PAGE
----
First baby born in Berthoud – 1884

By Mark French

The Surveyor

Berthoud was moved from its original location on the Little Thompson river bottom to its present-day site in the winter of 1883-84. The first baby born in the relocated town, James Adelphus Turner, came into this world on April 15, 1884. He was the youngest son of Berthoud town founder Peter Turner. Upon the event of the boy’s birth the Longmont newspaper suggested he be named “Berthoud” for the town in which he was born. The newspaper recalled the fact that Peter Turner and his wife Betty had named their daughter Susan Sunshine Turner after the Sunshine mining camp where she had been born in 1874. The Turners did not continue that tradition and gave their son James Adelphus a name rooted in Greek and meaning “brother.”

Photo courtesy of the Ludlow Collection, Berthoud Historical Society – James Turner (third from left) was the first baby born within Berthoud’s town limits. Turner was the son of Berthoud town-founder Peter Turner (standing left). The homestead house where James was born no longer stands. The home site is now covered by the traffic roundabout at the intersection of Mountain Avenue and First Street.
 

James Adelphus “Jim” Turner was born in a small frame “proving-up house” his parents constructed at the extreme southeast corner of their 160-acre homestead in 1877. The site of the house (no longer standing) is now covered by the asphalt and concrete of the traffic roundabout at the intersection of Mountain Avenue and First Street. An older brother, Gustavus Adolphus, had been born in the same house in 1882, but at that time the town of Berthoud was still located on the Little Thompson river bottom. For that reason he was not accorded the honor of being the first baby born in Berthoud.

Jim Turner attended classes in Berthoud’s first school building, a two-story brick structure built on the east side of the 500 block of Sixth Street in 1887. When a new school building was constructed across the street in present-day Fickel Park in 1895, Turner went there to complete his education, graduating in a class of four students that also included Ed McCormick (son of a hardware store operator), Lena Fairbairn (daughter of the lumberyard owner), and Wilbur Allen (son of a prosperous farmer from the Sunnyside district northeast of Berthoud).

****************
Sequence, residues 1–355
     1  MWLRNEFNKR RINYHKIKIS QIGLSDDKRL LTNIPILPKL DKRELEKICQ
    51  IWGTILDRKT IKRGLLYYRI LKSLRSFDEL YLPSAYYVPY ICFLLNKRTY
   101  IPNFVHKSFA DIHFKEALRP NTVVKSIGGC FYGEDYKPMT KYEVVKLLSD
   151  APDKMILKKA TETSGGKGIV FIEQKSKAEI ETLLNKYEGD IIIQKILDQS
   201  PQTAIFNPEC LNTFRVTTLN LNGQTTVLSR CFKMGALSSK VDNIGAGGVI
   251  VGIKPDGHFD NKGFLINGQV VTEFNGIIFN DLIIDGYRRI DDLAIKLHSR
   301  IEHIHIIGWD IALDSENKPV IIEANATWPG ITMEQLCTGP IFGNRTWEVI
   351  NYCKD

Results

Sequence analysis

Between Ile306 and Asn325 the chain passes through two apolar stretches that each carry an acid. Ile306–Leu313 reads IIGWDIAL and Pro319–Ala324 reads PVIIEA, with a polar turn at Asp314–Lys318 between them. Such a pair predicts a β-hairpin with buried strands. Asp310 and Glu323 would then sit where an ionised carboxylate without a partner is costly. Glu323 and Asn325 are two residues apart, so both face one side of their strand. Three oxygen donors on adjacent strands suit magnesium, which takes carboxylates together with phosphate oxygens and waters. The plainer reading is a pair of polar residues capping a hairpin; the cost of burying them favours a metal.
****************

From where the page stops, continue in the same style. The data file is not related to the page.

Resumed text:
After his graduation from Berthoud High School in 1904, Jim and his older brother Gustavus Adolphus “Duck” Turner went to Ames, Iowa, to attend business college. In 1908 Jim was back in Berthoud, preparing to go to the new town of Nunn, north of Greeley, where he opened a hardware store with his older brother.

By 1910 Jim had returned to Berthoud from Nunn where he married Adeline May Connors, the daughter of one of the town’s early carpenters. Once back in Berthoud he worked as a bookkeeper for Lovejoy Bros. and held a position at the Berthoud National Bank. Even though he lived in Berthoud, Jim continued to partner in a dryland farming enterprise with his older brother who had remained in Nunn.

While living in Berthoud, Jim and his wife welcomed sons James and Russell into the family in 1913 and 1917 respectively. He also built a five-room residence on north Seventh Street in 1915. Prior to 1915 the Jim Turner family lived in a house on Welch Avenue.

Jim Turner and his wife Adeline returned to Nunn in the 1920s and lived out their days in that community. There Jim continued his partnership with his older brother in a hardware business and dryland farming.

Jim Turner died at the age of 57 years in Nunn in March 1941. The man who was known as the first baby to be born in Berthoud was buried in Greenlawn Cemetery with Masonic rites requested by the Eaton Lodge to which he belonged.

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